Review: Long May She Reign by Rhiannon Thomas

September 4, 2017 Diversity 1, Reviews 0 ★★★★

Review: Long May She Reign by Rhiannon ThomasLong May She Reign by Rhiannon Thomas
Published by HarperTeen on February 21, 2017
Genres: YA, YA Fantasy
Pages: 432
Format: eARC
Source: eARC via Edelweiss
The Girl of Fire and Thorns meets The Queen of the Tearling in this thrilling fantasy standalone about one girl’s unexpected rise to power.

Freya was never meant be queen. Twenty third in line to the throne, she never dreamed of a life in the palace, and would much rather research in her laboratory than participate in the intrigues of court. However, when an extravagant banquet turns deadly and the king and those closest to him are poisoned, Freya suddenly finds herself on the throne.

Freya may have escaped the massacre, but she is far from safe. The nobles don’t respect her, her councillors want to control her, and with the mystery of who killed the king still unsolved, Freya knows that a single mistake could cost her the kingdom – and her life.

Freya is determined to survive, and that means uncovering the murderers herself. Until then, she can’t trust anyone. Not her advisors. Not the king’s dashing and enigmatic illegitimate son. Not even her own father, who always wanted the best for her, but also wanted more power for himself.

As Freya’s enemies close in and her loyalties are tested, she must decide if she is ready to rule and, if so, how far she is willing to go to keep the crown.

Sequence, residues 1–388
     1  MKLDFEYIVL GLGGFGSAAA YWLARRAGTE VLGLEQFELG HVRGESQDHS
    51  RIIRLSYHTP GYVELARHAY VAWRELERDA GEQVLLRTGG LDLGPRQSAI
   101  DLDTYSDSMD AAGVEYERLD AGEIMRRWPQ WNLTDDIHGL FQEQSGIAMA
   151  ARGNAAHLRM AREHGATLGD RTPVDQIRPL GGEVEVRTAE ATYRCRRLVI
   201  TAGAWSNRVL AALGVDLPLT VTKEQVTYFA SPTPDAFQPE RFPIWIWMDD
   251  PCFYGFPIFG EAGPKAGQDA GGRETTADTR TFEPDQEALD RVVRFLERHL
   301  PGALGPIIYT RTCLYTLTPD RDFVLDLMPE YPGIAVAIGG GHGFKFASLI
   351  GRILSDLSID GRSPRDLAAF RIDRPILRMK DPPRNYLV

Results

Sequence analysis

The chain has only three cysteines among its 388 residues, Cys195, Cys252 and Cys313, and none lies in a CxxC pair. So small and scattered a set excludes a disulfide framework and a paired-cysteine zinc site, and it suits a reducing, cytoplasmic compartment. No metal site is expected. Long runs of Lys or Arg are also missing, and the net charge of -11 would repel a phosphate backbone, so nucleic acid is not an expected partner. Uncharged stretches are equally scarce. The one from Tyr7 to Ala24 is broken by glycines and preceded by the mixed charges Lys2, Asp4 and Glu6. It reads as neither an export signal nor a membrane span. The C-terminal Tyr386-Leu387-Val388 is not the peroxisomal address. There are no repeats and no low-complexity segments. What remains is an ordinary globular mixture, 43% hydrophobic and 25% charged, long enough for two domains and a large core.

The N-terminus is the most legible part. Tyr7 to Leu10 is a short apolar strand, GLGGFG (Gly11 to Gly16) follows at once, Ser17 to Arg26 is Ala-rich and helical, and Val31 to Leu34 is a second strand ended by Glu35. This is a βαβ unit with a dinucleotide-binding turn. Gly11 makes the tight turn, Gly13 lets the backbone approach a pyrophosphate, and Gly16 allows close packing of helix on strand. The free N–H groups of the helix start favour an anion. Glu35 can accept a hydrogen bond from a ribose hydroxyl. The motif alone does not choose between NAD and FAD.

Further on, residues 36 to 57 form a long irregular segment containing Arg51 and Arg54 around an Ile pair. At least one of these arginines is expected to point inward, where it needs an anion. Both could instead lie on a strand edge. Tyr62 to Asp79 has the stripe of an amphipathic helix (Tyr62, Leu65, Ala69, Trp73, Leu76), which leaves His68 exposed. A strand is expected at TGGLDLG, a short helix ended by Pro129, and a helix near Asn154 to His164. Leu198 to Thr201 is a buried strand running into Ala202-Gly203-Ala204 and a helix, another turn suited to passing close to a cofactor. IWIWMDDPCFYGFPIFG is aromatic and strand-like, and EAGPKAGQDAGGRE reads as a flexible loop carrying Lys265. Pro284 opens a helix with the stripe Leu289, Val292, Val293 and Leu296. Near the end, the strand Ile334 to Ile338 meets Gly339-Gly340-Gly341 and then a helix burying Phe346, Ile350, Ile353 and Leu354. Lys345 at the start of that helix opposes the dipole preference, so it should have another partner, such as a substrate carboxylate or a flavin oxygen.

Diversity Rating: 2 – It’s a Start!

Racial-Ethnic: 0
Disability: 4 (Freya has panic attacks and Madeleine has depression)
Intersectionality: 3 (Freya has to confront the massive economic class gap created by her greedy predecessors)

Really, I think I’ve made it clear that Thomas’s Wicked Thing duology, a Sleeping Beauty retelling that doesn’t skimp on the dragons, was my thing thanks to its character-driven first book and defiance of typical fantasy tropes. Of course I was going to read Long May She Reign! And ooooooh, it was just as good as I was expecting. You know that Beyonce gif from one of her songs that has her singing “Who run the world? GIRLS!” with an explosion happening behind her? Pretty much Long May She Reign in a nutshell.

Freya is me except science-y where I’m bookish. I escape crowds and social obligations that give me anxiety by hiding out somewhere with a book; Freya does the same but escapes to go conduct scientific experiments in her labs instead. Her near-panic attack at the king’s birthday dinner is what saves her from dying with hundreds of others of poisoned cake, but it’s also what lands her on the throne as Queen Freya the First.

There is a reason I prefer English/history over science/math, readers. I’m not gonna end up queen against my will!

The mental illness rep present with Freya and Madeleine (another survivor of the mass poisoning as well as an advisor and a new but close friend to Freya) is wonderful. Freya has her anxiety-induced panic attacks, which resonated with my own experiences. Then we have Madeleine, the most genuine, kindly, down-to-earth noblewoman–and this wonderful human being lives with depression that saved her life by keeping her from court.